My overall recommendation is to increase this monitoring and control process as well as beef up the recordkeeping sections of ethical compliance. This means that more resources must be devoted to the establishment of internal control programs throughout all aspects of the business unit. Well-documented thorough training is a key element in any comprehensive trade compliance program. I would like to make more use of the best methods for insuring ethical export compliance which is the use of role-playing workshops in a regular, periodic fashion throughout the organization to refresh principles and practices and to discuss new ideas and concerns. These could be both of an export control and overall ethical parameter. Until a worker applies the ethical policies in real world situations that relate to their role in the organization, their confidence level in how they would handle similar situations in the organization’s workplace is going to be a priori on the low end of the scale. Upon completion of hands-on role-playing training sessions, an organization can feel that it has done its due diligence. Another related beneficial tool is case studies based on actual situations. Much like role-playing, case studies are intended to take advantage of lessons learned from past actual events and apply them to future circumstances. The idea is to think through, discuss and consider courses of action in a benign situation to make it easier to deal with when you actually face a similar challenge. Role-plays and case studies allow you to consider the possibilities and options in an unemotional less-threatening academic environment and not in the midst of a potentially stressful and demanding real-world situation. Whatever your organization does, ensure complete records are kept.

Another method of controlling the compliance effort is to involve workers periodically in “round table” events in which they are empowered to make changes in routines that insure compliance. Whenever workers have had input into a process, they are more likely to adhere to the policies that they help set. By involving workers, the ethical standards established are much more likely to fit the problem sets they experience in the trenches of their daily work. What is the best way for my company to reward ethical compliance is the final major discussion for this seminar paper. This is a huge question that can cause quite a debate within an organization. Not only does it ask the question of should there be a reward for compliance, but, if so, what type of reward. This topic is much bigger than can be discussed fully here. However, regardless of whether there is a separately defined reward for compliance or not, ethical compliance should be part of an overall regimen of performance evaluation. The more visible ethical compliance is in a person’s performance evaluation, the more emphasis it demands from the individual. If compliance can bring about reward, then the opposite should also exist–negative sanctions.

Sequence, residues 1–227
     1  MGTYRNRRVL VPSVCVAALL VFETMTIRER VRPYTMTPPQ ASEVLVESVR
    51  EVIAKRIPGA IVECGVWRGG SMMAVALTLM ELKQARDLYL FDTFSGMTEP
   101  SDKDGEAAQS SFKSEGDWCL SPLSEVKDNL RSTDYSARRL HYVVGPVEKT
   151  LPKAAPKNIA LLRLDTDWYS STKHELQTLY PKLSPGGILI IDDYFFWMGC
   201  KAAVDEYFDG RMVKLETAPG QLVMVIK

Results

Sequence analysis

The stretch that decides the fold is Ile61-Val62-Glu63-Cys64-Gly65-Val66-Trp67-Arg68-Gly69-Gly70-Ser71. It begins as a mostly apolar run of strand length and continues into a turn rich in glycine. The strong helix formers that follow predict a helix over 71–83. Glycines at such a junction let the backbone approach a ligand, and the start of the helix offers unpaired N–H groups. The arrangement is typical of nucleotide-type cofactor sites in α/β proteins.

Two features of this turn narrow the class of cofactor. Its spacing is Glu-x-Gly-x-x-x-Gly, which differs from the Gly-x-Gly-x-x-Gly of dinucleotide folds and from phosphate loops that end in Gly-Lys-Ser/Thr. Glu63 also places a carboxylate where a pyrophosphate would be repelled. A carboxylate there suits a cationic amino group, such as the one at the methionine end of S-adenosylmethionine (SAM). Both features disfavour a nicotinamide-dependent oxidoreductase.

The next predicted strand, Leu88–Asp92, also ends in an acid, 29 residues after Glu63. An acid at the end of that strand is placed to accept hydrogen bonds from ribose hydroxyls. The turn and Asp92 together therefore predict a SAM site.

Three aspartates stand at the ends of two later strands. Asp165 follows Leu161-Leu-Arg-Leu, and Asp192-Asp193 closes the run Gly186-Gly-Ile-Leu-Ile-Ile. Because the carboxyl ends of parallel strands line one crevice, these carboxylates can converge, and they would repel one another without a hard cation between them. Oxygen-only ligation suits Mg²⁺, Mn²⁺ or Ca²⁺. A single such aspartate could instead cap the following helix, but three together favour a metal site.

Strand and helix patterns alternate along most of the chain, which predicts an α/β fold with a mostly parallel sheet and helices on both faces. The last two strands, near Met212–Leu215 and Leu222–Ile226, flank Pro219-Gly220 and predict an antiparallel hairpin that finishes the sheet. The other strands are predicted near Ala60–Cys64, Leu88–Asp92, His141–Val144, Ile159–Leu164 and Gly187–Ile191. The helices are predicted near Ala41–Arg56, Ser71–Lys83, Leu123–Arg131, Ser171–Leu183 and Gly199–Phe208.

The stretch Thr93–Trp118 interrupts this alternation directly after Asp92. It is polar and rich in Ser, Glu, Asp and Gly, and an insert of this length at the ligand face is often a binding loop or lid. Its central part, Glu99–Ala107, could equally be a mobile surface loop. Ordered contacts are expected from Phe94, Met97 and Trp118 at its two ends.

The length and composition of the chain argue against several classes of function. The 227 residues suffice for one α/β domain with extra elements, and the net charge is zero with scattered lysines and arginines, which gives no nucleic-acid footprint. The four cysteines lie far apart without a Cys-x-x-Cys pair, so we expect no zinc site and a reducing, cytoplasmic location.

Monitoring and control of ethical compliance means to begin to know the importance of all employee’s actions to support the compliance effort within the company. This allows all to begin comprehending the importance of each individual’s actions to keep the country safe from terrorism. There are many different aspects I have learned from this seminar so far. Probably the most important and salient one is the all encompassing “how to structure and ethical approach conducive to export compliance”. That seems to sum up what I want to create and continue for my corporation. Now that we know the building blocks of what makes up the difference between ethics and morality, how we harness the power of our innovation is going to be critical in creating a well functioning and effective ethical compliance regime. That is the task I have set for myself- and the tools this course has provided should stand me in good stead in obtaining these objectives.

DSP-73 Export License

What is a DSP-73 Export License?

Other than the DSP-5 Export License, the DSP-73 is the type of license I hear referenced most often in the export compliance community.

The purpose of a DSP-73 license is to allow for the temporary (not permanent) export of controlled goods regulated by the Department of State. This means that the items exported will be returning to the United States at some point in the future.

Articles exported under a DSP-73 license are subject to two primary criteria:

  1. The items being exported must return to the United States within a period of four years, and
  2. No transfer of title may take place during the period of export.

The first is pretty straightforward, but the second means that the US exporting party will still be responsible for the item returning to the US and for its use abroad. You can’t ship something overseas on a temporary export (DSP-73) license and sell it or give it away to a foreign national.

When would I use this?